Aleister Crowley has not incorporated many elements from christianity into his deck. At the bottom right of his Emperor card we see one of the exceptions: the victorious Lamb from the Book of Revelation, with the visions of John. From the following quote we may deduct that the Biblical Lamb on this card is the counterpart of the sexual energy that the ram stands for:

1 Then I looked, and behold, the Lamb was standing on Mount Zion, and with Him one hundred and forty-four thousand, having His name and the name of His Father written on their foreheads.
4 These are the ones who have not been defiled with women, for they have kept themselves chaste. These are the ones who follow the Lamb wherever He goes. These have been purchased from among men as first fruits to God and to the Lamb.
(Revelation 14:1 en 4)

“…having His name and the name of His Father written on their foreheads” are those who have completed the sacred marriage at the height of the sixth chakra. “They have kept themselves chaste …” . It can hardly be stated any clearer!

The number 144,000 is also meaningful. The sum of the “petals” of the first six chakras is 144 (4 + 6 + 10 + 12 + 16 + 96). The number of petals of the seventh chakra is a symbolically large number: 1000. One hundred and forty-four thousand refers to the opening of all chakras after a completed kundalini awakening.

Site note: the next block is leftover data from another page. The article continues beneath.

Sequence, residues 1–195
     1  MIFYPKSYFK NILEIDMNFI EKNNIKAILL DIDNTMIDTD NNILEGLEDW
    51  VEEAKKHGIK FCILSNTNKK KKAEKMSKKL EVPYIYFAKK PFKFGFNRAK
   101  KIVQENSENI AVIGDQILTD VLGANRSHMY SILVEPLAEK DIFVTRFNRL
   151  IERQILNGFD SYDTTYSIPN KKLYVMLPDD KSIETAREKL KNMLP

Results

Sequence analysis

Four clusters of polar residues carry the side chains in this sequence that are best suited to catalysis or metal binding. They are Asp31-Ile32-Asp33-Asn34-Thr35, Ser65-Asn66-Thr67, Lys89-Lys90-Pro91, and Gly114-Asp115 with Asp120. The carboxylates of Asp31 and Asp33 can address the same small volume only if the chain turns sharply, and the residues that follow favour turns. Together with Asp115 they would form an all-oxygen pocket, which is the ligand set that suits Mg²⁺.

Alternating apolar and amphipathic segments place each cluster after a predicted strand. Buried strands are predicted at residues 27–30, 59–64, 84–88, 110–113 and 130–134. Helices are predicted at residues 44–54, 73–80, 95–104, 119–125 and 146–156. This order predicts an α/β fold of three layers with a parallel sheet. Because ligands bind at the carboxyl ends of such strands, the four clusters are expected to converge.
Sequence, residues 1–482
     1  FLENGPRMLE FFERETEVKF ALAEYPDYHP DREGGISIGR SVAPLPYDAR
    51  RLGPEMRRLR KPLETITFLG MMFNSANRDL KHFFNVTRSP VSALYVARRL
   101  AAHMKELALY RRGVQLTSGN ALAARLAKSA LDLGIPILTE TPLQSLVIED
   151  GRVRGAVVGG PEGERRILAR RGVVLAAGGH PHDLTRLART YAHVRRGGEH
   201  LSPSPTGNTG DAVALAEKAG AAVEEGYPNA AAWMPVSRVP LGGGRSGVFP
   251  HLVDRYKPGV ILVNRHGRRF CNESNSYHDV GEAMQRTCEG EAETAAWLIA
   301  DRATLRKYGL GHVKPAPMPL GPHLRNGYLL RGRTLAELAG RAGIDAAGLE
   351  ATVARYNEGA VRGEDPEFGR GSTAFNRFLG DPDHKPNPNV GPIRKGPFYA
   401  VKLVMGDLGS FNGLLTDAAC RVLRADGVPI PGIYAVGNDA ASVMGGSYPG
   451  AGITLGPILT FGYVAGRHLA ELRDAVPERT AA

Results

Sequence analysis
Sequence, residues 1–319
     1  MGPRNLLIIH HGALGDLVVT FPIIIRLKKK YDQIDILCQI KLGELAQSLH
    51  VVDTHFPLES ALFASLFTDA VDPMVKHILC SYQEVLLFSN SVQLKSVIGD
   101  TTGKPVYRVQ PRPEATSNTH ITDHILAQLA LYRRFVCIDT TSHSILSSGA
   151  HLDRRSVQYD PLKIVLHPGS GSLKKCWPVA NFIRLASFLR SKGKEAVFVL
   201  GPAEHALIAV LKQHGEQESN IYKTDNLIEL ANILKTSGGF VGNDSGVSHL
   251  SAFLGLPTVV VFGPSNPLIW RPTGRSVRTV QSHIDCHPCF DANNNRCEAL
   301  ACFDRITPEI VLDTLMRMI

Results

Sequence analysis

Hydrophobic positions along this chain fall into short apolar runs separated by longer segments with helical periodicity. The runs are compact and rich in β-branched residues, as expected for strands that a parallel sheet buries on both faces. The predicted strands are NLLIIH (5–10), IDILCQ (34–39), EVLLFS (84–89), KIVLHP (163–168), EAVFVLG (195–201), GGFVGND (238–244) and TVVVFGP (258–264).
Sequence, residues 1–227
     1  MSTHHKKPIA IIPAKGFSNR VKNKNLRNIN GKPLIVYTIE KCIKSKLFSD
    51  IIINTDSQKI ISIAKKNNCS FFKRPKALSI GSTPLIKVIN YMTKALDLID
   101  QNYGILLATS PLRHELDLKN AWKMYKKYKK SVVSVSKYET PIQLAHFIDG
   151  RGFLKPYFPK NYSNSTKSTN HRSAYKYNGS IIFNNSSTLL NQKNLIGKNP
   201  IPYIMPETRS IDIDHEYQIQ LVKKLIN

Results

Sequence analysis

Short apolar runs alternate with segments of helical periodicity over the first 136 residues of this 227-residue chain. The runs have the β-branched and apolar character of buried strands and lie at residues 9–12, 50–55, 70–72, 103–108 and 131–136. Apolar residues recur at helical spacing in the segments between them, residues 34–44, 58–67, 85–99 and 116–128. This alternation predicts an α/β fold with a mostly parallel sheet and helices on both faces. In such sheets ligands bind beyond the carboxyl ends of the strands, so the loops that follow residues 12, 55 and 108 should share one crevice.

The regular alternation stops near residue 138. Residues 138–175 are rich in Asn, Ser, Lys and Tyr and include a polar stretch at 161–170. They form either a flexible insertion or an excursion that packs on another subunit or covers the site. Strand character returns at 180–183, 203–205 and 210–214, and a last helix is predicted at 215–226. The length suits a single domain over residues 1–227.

According to Aleister Crowley, his Emperor expresses the alchemical symbol for sulfur (a triangle with a cross underneath) with his body posture. Sulfur is one of the three primary elements involved in the Magnum Opus.

A colored engraving by Giovanni Lacinio, from 1714, of the Magnum Opus, with many elements that we also see on the various Emperor cards through the ages. The symbols on the tree trunk (spine) are the three primary alchemical elements: salt, sulfur and mercury. The two lions represent the animal drives that, sublimated (the wings), provide the force necesary to complete the process of God-realization. The symbols above the lions are the four elements: fire, earth, water, and air. The globe (orb) with cross, on top of the tree trunk, stands for spirit ruling over matter (four elements). The sun and the moon, at the top of the illustration, represent duality. A small sun and moon are also depicted in the globe: the duality has merged into a unity. The white eagle symbolizes the completed process